People who experienced traumatic brain injuries are at a higher risk of developing other types of neurological diseases such as epilepsy, Parkinson’s disease, and dementia. In addition to these neurological diseases, it appears as though dementia and post-traumatic stress disorder are linked. There is always a risk of accident victims developing post-traumatic stress disorder. Post-traumatic stress disorder and traumatic brain injuries often go hand-in-hand. It only takes one devastating car accident, fire, or slip and fall accident to cause post-traumatic stress disorder symptoms.
PTSD is a Risk Factor for Dementia
A recent study in the British Journal of Psychiatry concluded that suffering a traumatic brain injury is a risk factor for developing dementia. Researchers searched 8,000 medical records from multiple countries and populations. The researchers selected participants who had been diagnosed with PTSD and who met the following additional criteria:
- The patient was diagnosed with PTSD using the following types of clinical diagnostic criteria: ICD-9 or ICD-10, DSM-III, DSM-IV or DSM-V or comparable
- The patient was diagnosed through a validated self-reported scale
- Patients with dementia were diagnosed based on clinical criteria, such as NINCDS-ADRA
Researchers concluded that a PTSD diagnosis is “an important and potentially modifiable risk factor for all-cause dementia. Meta-analyses showed that the risk of being diagnosed with dementia for individuals with a diagnosis of PTSD is 1.61-1.99 times the risk for those without a PTSD diagnosis.” Interestingly, the study found that the general population’s effects are greater than the effect on Veterans. Members of the general population have an increased risk of developing dementia at 111%, while veterans have a 61% increased risk of developing dementia after being diagnosed with PTSD.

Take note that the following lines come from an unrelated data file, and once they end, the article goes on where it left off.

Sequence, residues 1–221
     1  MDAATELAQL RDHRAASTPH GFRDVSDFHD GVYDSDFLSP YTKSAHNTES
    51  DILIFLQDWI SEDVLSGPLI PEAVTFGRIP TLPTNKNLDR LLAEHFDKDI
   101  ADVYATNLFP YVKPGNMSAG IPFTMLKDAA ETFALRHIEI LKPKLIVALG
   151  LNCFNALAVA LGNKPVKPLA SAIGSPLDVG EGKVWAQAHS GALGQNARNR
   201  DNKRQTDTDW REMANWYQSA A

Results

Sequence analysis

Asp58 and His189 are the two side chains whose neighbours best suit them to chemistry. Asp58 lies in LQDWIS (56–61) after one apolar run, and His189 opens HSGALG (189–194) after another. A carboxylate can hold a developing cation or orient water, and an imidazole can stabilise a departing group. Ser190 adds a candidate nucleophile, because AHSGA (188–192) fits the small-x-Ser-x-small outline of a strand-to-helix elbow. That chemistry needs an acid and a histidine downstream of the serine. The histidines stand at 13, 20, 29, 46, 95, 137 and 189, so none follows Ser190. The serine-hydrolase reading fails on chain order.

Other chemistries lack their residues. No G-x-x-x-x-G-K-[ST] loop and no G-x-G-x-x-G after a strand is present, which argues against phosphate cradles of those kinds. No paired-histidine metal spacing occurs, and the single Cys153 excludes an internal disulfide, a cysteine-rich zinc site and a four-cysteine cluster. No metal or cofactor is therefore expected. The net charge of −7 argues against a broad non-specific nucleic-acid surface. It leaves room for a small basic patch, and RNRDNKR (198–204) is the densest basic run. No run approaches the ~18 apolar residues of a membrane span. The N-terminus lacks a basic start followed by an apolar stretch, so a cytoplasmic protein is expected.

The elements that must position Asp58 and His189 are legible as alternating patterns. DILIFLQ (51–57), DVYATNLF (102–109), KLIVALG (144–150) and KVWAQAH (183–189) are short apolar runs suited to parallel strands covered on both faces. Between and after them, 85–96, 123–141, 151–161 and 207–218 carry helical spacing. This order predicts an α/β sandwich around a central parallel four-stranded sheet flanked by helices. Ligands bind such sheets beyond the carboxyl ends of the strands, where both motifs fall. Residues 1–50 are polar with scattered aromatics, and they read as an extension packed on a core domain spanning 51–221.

The Link Between Post-Traumatic Stress Disorder and Dementia: Why Is This Study Important?
This study is informative because it shows that members of the general population diagnosed with PTSD are over twice as likely to develop dementia than those with no PTSD diagnosis. Some researchers have speculated that the likelihood of developing dementia is smaller in veterans than in the general population because veterans are more likely to receive treatment for their PTSD symptoms. If this theory is correct, it could indicate that receiving treatment for PTSD May decrease the likelihood that a patient will later develop dementia. Additionally, it could indicate that the severity of dementia-related PTSD can be decreased with targeted treatment.
Recovering Compensation After a TBI Injury
If you or your loved one has been diagnosed with a traumatic brain injury and experienced PTSD symptoms, you may be entitled to compensation. Researchers are only just beginning to uncover all of the consequences of PTSD and traumatic brain injuries. Recovering compensation through a personal injury lawsuit can help you and your family provide the care and treatment you need to decrease your risk of developing dementia or other neurological complications. Contact the experienced TBI lawyers at Griggs Injury Law today to schedule your free initial consultation.